The brief was to convert an internal store room. An anteroom, with washing cubicles, would lead to a principal space with a 'side chapel'. In the main space, eight columns would define an octagonal 'building within a building', where a raised ceiling, the largest of four such elements, would form a kind of three-dimensional yantra. The aim of the design was to achieve an architectural imagery that would be widely evocative - archetypal even. Symbolic resonance would be achieved through painting and clay ornaments, some of which - although the project was never built - were made by students from the Leicester School of Architecure.

Related publication

Adam Hardy (1997). "Religious Architecture and the Creative Process", Architecture + Design, vol. 14 (No 6), Nov.-Dec. 1997. New Delhi.

Consultancy to Birmingham City Council for regeneration of Sparkbrook

A row of gree street pillars with a red temple motif on the side.
Street furniture, designed by PRASDADA as part of a regeneration project in Sparbrook, Birmingham.

The Ladypool Road area of Sparkbrook in Birmingham is renowned for its 'Balti' restaurants. Balti, of Kashmiri origin, has become Birmingham's national dish. An improvement programme for the area was carried out, funded partly by the European Regional Development Fund, under its URBAN programme.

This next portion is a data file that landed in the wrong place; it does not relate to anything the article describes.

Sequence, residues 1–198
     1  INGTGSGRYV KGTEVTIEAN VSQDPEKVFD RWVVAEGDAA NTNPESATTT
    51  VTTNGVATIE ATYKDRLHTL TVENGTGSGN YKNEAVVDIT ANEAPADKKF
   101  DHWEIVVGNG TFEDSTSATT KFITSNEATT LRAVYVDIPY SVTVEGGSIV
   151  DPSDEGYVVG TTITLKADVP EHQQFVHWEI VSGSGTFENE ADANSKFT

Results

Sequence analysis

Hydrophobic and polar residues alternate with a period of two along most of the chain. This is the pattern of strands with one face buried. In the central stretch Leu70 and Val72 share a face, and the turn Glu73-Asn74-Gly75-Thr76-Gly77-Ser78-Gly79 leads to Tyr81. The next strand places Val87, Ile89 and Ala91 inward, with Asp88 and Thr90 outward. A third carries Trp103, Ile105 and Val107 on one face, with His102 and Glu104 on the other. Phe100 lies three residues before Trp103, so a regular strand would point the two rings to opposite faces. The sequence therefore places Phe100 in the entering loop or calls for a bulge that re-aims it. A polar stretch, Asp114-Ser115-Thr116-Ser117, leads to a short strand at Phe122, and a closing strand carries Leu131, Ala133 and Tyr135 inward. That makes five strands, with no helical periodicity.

PRASADA first prepared design ideas for a public consultation exercise, followed by a report for Birmingham City Council on 'imagery and identity' for the area. Based on the theme of 'playful pavilions' proposals ranged from buildings and architectural elements to graphics, including the design of a logo. Most recently, PRASADA was commissioned to design street furniture and paving patterns.

Bharatiya Vidya Bhavan, London

A feasibility study for the expansion and refurbishment of the Bhavan, one of Britain's principal centres for Indian culture, was carried out by PRASADA in 1999.

Temple and Community Centre for Hindu Cultural Trust Centre, Hounslow

PRASADA gained planning permission for its design for this temple complex in 2000, and the foundation stone-laying ceremony took place on 19 November that year.